On June 15, 2015, Dee Dee Blanchard was found murdered in her Springfield, Mo. home, and her wheelchair-bound daughter, Gypsy Rose Blanchard, was reported missing. But after Gypsy was tracked to Wisconsin and implicated in the murder, what started out as a grisly tale of matricide morphed into a bizarre story of deception and abuse.
Erin Lee Carr (“Thought Crimes: The Case of the Cannibal Cop”) returns to HBO to explore another true-crime story in the age of social media in MOMMY DEAD AND DEAREST, a shocking look at one of psychology’s most controversial conditions: Munchausen by proxy syndrome. Featuring exclusive interviews with Gypsy Rose Blanchard from prison, the provocative documentary untangles a web of lies, child abuse, mental illness and forbidden love when it debuts MONDAY, MAY 15 (10:00-11:30 p.m. ET/PT).
The film will also be available on HBO On Demand, HBO NOW, HBO GO and affiliate portals.
Following the murder of Dee Dee Blanchard and the disappearance of Gypsy Rose Blanchard, a Facebook post stating, “That Bitch is Dead,” led investigators to Wisconsin. In the disturbing sequence of events that ensued, Gypsy was implicated in her mother’s murder and it was discovered she had been the victim of her mother’s abuse via Munchausen by proxy syndrome since early childhood. MOMMY DEAD AND DEAREST unravels this complicated tale of a mother whose deception subjected her daughter to decades of unnecessary medical treatment – until she reached her tragic breaking point.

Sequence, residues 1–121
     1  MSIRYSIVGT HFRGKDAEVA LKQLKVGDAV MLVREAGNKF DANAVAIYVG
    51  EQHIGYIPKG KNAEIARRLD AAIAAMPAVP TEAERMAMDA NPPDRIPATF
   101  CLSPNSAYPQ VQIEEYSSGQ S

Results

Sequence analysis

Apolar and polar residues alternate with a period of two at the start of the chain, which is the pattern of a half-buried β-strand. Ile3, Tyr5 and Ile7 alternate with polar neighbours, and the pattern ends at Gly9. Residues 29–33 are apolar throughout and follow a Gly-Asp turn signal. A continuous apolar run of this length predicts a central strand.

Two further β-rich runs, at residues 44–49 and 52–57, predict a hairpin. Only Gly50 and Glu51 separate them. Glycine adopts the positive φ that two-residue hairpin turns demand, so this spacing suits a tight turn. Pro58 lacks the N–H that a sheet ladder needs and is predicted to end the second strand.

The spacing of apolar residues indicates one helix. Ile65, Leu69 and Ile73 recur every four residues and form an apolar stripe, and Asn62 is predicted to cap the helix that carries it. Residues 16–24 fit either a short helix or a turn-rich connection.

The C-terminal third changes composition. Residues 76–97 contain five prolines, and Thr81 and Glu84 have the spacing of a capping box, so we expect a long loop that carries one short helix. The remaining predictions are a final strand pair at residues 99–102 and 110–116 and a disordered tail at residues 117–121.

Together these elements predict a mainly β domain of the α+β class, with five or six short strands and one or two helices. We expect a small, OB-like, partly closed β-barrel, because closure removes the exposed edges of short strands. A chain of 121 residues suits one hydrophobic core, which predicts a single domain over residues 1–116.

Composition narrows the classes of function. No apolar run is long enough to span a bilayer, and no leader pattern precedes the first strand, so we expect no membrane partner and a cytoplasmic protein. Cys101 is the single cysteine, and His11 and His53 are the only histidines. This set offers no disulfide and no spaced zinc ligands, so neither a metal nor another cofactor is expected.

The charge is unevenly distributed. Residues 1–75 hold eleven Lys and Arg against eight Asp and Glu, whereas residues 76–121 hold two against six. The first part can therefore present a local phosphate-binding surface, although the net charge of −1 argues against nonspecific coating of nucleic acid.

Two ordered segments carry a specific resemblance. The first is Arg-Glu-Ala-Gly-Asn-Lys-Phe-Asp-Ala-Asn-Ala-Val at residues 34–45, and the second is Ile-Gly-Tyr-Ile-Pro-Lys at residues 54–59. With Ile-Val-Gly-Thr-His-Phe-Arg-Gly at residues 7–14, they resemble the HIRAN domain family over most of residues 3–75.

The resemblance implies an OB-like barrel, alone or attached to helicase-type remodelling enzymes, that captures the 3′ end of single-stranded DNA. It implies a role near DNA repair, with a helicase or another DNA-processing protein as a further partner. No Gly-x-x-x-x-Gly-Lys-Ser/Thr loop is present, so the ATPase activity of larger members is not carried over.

MOMMY DEAD AND DEAREST includes interrogation-room footage of Gypsy, her boyfriend, Nick Godejohn, and various family members, as well as intimate home videos and family photos, medical records, text messages and courtroom video. In addition to candid interviews with Gypsy from prison, the film features interviews with her father and stepmother, Rod and Kristy; Dee Dee’s father and stepmother, Claude and Laura; Dr. Bernardo Flasterstein, a pediatric neurologist who was one of the few to raise concerns about Dee Dee’s claims; Gypsy’s lawyer, Mike Stanfield; Greene County prosecutor Dan Patterson; Dr. Marc Feldman, an expert on Munchausen by proxy syndrome; and journalist Michelle Dean, who covered the story for BuzzFeed, among others.
The Blanchards had moved to Springfield after Hurricane Katrina, and Gypsy became known there as a wheelchair-bound girl suffering from leukemia, muscular dystrophy and seizures. The community rallied around the pair, with neighbors and national organizations providing donations, housing and even trips to Disney World. But it was all a lie: Gypsy’s ailments were entirely the invention of Dee Dee, who deceived doctors, friends, neighbors, family members and even Gypsy’s father, Rod.
At home in Louisiana with his current wife, Kristy, Rod recalls how Dee Dee said their daughter had sleep apnea at three months old, which snowballed into other disorders over the years. When Rod and Dee Dee’s families became suspicious of her claims, she moved with Gypsy to Springfield.
From prison, Gypsy describes her mom as “unique” and “overprotective,” adding, “I really didn’t think any abuse was going on.” Dee Dee told Gypsy she had asthma, epilepsy, hearing and vision problems, and mental retardation, and convinced her she was younger than her actual age. Gypsy was on dozens of medications, which induced symptoms of illnesses she didn’t have. She also had a feeding tube that had to be periodically replaced through a painful procedure.
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